We constructed phantoms with multiple compartments to simulate heterogeneous tissue optical properties. The phantoms were prepared using agarose powder (OmniPur Agarose, Lawrence, Kansas). The Intralipid and India ink were added as optical scatterer and absorber, respectively. A homogeneous DOT calibration phantom was made with absorption coefficient μ_{a} = 0:013 mm^{−1} and reduced scattering coefficient μ_{s} = 1:0 mm^{−1},measured with a frequency-domain DOT system [14]. Another homogeneous FT calibration phantom was also prepared using the ICG as the fluorophore and the absorber. The ICG is difficult to characterize due to its varying absorption spectrum over time. In order to quantify the amount of the ICG in the inclusion, we preserved some sample during the phantom construction and measured the absorption spectrum with a spectrometer (Ocean Optics, USB2000) at the time of the phantom measurements.

For both DOT and FT, images were acquired from eight views (45° apart) for each source position. For each view, a set of 21 virtual detectors was placed uniformly on the corresponding boundary segment and mapped to the CCD [Fig. 2(b)]. For DOT measurements, the CCD integration time for the source positions L1 and L3 and the source position L2 was 50 and 500 ms, respectively [source positions are represented in Fig. 1(b)], while FT measurements were obtained with 1 min integration time for all three source positions.

(Color online) (a) Schematic showing the 3:6 mm diameter object located 10 mm away from the center of the medium. (b) Schematic showing the three source positions 45° apart from each other (indicated in red numbers). The 21 detectors are equally **...**

The calibration procedure was performed for the DOT and the FT separately. For the DOT calibration, a complete set of data was taken and averaged using the homogeneous DOT calibration phantom. This step took data/model mismatch into account. Similarly, the FT calibration was also carried out by taking a complete set of FT measurements using the homogeneous FT calibration phantom.

Three phantoms with increased complexity are investigated in this paper. The first case was designed to validate the performance of the system. The second and third cases were designed to evaluate the effect of the functional and structural *a priori* information on the FT reconstruction. The fluorophore inclusion was embedded in a homogeneous background in the first case, while the inclusions were positioned in a heterogeneous optical background in the second and third cases. The ICG inclusion was placed in a transparent tube.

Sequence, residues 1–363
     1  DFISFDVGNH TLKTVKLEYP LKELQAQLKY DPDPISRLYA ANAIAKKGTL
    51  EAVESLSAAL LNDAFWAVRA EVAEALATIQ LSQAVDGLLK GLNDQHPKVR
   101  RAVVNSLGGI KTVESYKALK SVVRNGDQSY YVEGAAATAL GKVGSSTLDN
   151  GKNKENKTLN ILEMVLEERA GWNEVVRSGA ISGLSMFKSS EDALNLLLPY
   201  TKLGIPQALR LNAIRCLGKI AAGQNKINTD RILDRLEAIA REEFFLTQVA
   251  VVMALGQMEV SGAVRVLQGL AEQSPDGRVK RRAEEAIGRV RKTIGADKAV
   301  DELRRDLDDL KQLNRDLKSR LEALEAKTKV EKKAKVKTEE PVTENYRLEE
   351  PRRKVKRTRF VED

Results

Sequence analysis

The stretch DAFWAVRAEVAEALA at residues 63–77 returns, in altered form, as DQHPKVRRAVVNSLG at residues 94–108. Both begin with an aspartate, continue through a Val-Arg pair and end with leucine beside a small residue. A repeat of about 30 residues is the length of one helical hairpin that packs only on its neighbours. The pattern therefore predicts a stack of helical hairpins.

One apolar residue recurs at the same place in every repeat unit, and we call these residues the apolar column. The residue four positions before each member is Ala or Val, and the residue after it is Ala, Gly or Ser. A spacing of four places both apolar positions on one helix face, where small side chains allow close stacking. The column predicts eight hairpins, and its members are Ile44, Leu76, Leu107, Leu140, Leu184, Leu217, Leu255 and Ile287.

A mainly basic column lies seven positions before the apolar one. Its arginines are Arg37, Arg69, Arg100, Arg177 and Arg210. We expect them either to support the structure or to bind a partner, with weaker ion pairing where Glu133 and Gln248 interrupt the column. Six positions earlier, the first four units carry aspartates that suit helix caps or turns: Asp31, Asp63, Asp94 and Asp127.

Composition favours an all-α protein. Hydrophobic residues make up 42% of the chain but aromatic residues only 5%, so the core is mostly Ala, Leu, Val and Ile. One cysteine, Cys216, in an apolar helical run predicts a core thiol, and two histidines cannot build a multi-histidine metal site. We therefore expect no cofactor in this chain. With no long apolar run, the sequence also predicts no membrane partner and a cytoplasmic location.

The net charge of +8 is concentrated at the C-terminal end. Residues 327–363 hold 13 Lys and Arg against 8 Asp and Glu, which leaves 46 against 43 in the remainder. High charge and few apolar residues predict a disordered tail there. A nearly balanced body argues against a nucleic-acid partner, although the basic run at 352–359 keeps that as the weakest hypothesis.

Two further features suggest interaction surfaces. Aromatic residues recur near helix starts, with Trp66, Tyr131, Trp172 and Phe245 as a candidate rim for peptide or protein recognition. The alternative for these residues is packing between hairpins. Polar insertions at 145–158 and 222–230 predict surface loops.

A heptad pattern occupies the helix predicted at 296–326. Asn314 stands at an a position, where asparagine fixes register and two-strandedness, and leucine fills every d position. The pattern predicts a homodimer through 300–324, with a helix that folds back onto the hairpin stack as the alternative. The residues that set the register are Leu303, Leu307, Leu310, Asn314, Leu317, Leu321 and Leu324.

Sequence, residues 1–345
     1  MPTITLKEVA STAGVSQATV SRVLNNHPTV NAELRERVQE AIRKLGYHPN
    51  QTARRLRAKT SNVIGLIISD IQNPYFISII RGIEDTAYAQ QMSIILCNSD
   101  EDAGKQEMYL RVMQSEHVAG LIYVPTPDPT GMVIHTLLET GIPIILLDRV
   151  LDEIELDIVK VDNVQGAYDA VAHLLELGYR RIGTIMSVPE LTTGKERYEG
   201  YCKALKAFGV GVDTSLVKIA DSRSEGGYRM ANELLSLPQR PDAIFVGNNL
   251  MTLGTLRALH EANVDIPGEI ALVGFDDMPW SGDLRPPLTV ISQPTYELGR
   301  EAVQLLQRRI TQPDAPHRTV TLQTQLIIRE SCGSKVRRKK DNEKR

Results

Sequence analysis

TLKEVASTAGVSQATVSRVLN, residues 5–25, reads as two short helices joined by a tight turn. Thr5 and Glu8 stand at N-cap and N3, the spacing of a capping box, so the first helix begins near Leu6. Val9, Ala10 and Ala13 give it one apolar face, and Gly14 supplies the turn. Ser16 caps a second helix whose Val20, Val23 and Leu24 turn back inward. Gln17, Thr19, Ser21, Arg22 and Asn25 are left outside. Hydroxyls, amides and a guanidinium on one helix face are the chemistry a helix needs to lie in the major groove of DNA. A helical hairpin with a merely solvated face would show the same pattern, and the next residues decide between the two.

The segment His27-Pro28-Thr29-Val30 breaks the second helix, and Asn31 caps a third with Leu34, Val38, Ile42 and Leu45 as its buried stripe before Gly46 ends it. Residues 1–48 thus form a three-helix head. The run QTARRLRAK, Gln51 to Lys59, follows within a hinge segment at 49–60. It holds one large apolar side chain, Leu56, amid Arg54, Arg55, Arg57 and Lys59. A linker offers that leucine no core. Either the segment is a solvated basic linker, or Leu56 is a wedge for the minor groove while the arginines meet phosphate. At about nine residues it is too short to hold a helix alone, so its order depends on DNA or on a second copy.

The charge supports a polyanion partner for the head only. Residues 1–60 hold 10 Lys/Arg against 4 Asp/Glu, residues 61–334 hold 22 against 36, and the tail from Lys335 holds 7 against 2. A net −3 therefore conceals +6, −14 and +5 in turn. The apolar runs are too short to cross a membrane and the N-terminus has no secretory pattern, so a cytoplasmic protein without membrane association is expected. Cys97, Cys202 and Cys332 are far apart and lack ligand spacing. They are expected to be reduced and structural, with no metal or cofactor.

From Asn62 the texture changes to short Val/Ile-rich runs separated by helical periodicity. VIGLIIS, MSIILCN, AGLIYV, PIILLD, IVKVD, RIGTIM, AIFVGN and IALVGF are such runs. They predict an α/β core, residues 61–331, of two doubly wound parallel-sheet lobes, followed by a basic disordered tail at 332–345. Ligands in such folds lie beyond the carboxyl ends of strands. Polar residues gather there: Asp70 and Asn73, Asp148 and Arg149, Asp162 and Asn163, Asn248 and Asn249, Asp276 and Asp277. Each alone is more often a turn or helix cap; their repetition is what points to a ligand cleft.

The phantom had a 3:6 mm diameter hole filled with ICG and Intralipid inclusion located 10 mm away from the center of the phantom. The background optical properties were μ_{ax} = 0:013 mm^{−1}, μ_{am} = 0:011 mm^{−1}, and μ_{s}′_{x,m} = 1:0 mm^{−1}. The ICG concentration in the inclusion was 0:67 µM, which set the absorption coefficient due to the fluorophore in the inclusion to 0:02 mm^{−1}. The diagram of the phantom is shown in Fig. 2(a). The fluorophore concentration map was reconstructed with and without the structural *a priori* information. In addition, we evaluated the effect of the imperfect structural*a priori* information. Therefore the fluorophore concentration map was also reconstructed when the object size was underestimated 10% and when the object location was estimated 3 mm off from the structural images.

We investigated two more cases where the ICG inclusion was embedded in a heterogeneous medium. The commonly used MR contrast agent, Gd-DTPA, was added to the different compartments of the phantom at different amounts. Consequently, the boundaries of the compartments were obtained from the T1-weighted MR images and used as the structural *a priori* information (see Fig. 3, first row). Both DOT and FT measurements were acquired sequentially. The absorption map of the phantom for both emission and excitation wavelengths were reconstructed using DOT measurements and utilized as the functional *a priori* information. Later, the ICG concentration was reconstructed using four different combinations of the functional and structural *a priori* information as follows:

- using erroneous absorption coefficient and disregarding the background heterogeneity
- using reconstructed absorption maps from the DOT measurements as the functional
*a priori*information during the FT reconstruction, - using erroneous absorption coefficient while disregarding the background heterogeneity and using only the structural
*a priori*information for the FT reconstruction, and - using reconstructed absorption map as the functional